Editor’s Note: Dr. Lucell Larawan is a seasoned business mentor and entrepreneur, as well as Flevy author. On Flevy, he recently published a framework, Sculpting Quality and Performance Excellence.
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This is now a strategic management buzz: disruptive innovation. But what does the buzz really mean? Here is an expert opinion:
Disruptive innovation describes a process by which a product or service takes root in simple applications at the bottom of a market and then relentlessly moves up market, eventually displacing established competitors or completely removing competition – Matt Christensen, Journal of Applied IT in Investment Management, January 2015
Some investment companies apply disruptive innovation in the following approaches:
- a) search for product opportunities in areas that are repulsive for mainstream investors;
- b) invest resources in product development and research in business areas in flux such as on risk exposure and technology; and
- c) use an avant-garde approach to product development; start small, prepare for rapid scaling.
Though the strategy buzz mentioned has gained more popularity, the idea’s main tenets have been widely misconceived and frequently misapplied. Many consultants and researchers use “disruptive innovation” to describe any condition in which businesses are shaken up and previously fruitful incumbents falter. But this is much too broad a usage.
What then constitutes disruptive innovation? Consider: first, disruptive innovations originate in low-end or new market grounds. They shake because incumbents pay less attention to less-demanding clients and typically try to provide ever-improving products to their demanding customers.
Disrupters create a market that did not exist before. They turn non-consumers to consumers. To illustrate: Xerox targeted big corporations and exact high prices. Then later, new entrants introduced personal copiers and a new market was born.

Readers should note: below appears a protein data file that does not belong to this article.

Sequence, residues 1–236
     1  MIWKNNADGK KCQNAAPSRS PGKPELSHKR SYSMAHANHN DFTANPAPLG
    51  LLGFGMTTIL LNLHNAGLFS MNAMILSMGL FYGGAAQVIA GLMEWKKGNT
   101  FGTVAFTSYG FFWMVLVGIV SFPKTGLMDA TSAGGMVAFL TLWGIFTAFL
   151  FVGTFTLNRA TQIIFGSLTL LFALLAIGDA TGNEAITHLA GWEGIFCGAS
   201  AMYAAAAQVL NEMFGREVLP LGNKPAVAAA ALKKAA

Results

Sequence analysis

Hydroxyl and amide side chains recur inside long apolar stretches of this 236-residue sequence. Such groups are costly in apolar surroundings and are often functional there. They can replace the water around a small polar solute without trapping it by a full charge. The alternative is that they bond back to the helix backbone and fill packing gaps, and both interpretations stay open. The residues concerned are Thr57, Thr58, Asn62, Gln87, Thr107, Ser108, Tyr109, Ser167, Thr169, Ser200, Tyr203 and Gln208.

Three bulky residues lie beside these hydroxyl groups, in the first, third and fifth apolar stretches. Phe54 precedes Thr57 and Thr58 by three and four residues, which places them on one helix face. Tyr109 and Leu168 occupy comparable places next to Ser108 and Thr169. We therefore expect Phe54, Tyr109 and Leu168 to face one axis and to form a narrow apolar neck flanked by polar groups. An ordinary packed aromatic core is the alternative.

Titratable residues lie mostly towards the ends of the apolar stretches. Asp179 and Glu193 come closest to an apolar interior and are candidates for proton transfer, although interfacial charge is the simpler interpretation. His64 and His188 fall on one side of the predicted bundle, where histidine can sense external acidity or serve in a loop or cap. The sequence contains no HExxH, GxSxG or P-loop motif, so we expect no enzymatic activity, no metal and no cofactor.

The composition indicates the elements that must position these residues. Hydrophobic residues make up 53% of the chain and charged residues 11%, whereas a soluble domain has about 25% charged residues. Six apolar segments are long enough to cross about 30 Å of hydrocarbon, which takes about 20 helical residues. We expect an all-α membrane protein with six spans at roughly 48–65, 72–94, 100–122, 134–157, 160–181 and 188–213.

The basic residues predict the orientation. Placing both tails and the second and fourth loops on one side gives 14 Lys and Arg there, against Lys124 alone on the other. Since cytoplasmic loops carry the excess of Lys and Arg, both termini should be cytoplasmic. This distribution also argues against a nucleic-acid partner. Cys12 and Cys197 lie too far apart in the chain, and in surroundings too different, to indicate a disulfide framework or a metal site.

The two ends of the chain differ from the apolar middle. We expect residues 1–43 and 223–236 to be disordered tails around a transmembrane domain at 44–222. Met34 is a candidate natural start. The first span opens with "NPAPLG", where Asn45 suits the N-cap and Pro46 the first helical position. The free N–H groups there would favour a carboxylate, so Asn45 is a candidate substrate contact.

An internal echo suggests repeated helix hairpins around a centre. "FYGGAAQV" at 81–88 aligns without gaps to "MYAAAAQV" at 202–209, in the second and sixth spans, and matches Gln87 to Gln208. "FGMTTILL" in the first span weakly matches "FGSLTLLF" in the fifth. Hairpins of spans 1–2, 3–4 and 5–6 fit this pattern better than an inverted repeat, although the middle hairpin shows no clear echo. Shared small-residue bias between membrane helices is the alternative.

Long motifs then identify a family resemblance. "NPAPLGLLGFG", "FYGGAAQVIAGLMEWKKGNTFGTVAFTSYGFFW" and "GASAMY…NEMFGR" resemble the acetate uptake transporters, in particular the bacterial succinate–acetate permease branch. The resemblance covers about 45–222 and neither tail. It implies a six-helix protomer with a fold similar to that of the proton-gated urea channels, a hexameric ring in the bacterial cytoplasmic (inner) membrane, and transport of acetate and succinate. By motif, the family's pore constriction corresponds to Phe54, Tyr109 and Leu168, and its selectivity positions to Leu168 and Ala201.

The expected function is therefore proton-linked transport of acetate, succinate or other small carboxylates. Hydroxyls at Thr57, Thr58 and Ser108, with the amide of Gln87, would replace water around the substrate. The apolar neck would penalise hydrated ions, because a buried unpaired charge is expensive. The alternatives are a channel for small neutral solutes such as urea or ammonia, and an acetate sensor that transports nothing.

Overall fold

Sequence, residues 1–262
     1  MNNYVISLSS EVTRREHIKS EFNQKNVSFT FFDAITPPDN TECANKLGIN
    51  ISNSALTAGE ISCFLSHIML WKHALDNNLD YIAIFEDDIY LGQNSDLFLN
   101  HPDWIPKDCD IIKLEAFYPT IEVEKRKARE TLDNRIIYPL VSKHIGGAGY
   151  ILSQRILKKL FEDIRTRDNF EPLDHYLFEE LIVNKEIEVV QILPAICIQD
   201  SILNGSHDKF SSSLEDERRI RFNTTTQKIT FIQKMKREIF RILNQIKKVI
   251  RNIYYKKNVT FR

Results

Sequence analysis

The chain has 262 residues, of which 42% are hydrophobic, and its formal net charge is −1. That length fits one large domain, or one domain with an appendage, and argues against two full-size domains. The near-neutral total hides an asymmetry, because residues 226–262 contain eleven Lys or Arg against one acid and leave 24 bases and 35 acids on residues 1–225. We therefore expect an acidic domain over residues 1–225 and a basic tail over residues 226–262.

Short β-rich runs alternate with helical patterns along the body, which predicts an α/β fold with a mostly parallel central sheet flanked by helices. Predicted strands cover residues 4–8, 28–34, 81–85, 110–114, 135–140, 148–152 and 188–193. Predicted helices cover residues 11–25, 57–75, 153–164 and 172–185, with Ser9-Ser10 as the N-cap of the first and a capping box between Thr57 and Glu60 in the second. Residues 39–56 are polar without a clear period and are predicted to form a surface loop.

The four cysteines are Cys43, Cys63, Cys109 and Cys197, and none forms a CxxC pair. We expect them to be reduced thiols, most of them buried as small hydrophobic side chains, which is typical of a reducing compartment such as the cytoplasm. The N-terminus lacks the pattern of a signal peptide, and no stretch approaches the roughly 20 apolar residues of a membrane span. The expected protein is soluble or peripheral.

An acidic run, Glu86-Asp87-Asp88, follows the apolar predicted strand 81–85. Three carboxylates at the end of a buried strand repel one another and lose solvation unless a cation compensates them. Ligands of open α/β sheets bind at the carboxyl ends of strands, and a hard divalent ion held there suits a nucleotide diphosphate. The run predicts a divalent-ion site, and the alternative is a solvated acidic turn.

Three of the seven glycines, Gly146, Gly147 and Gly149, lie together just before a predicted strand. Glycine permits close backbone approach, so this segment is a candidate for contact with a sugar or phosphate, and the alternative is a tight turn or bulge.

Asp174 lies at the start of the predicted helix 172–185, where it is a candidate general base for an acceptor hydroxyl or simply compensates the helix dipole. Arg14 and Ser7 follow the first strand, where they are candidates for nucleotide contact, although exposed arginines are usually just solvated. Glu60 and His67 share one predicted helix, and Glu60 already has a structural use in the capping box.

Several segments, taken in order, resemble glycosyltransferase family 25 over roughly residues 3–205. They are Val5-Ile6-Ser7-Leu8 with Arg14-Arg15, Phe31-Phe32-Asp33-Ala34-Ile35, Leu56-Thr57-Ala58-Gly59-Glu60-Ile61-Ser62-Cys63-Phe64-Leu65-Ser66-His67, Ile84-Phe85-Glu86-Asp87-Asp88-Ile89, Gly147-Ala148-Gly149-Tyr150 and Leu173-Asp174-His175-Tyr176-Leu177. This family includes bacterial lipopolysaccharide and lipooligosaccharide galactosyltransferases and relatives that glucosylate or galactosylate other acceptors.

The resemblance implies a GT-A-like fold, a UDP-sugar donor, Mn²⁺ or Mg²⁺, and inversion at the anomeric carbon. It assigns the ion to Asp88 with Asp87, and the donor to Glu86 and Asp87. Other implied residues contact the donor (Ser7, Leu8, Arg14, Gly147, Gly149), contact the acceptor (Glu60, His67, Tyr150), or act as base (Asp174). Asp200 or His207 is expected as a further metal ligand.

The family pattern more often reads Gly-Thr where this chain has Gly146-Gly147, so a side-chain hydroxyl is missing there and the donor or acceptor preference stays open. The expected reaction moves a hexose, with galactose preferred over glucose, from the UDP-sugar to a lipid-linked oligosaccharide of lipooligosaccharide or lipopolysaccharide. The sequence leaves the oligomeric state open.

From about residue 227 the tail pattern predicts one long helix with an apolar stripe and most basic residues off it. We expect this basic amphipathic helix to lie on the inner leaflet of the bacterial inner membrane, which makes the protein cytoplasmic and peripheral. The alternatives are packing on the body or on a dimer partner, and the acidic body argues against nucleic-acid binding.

Aside from starting from low-end or the new market foundation, disruptive innovations do not try to flourish with the mainstream’s customers until quality levels up to their standards. Disruptive innovation differs from “sustaining innovation”: the latter merely transforms the good into better in the eyes of existing clients. The known approaches: the fifth blade in a razor, the clearer TV picture, the faster internet connection. These upgrades can be incremental enhancements or major developments, but they all are aimed at increasing revenue from the most profitable clients. Disruptive innovation, on the other hand, is temporarily looked down as second-rate by most of the incumbents’ customers. Customers, usually, are not inclined to switch to the new service or product merely because of its lower price. They rather wait until its quality peaks enough to satisfy them. If this happens, they adopt the new innovation and accept its lower price.
Looking at the business model of Uber taxi, is it disruptive? Uber is an on-demand transportation service which has brought a dramatic alteration in the taxi industry in many parts of the world. Uber has made it possible for passengers to simply tap their smartphone and have a cab arrive at their location in the minimum possible time. Some experts, however, do not consider it “disruptive” enough because of the two conditions mentioned above. Rather, it is just an improvement on the traditional idea of a taxi service.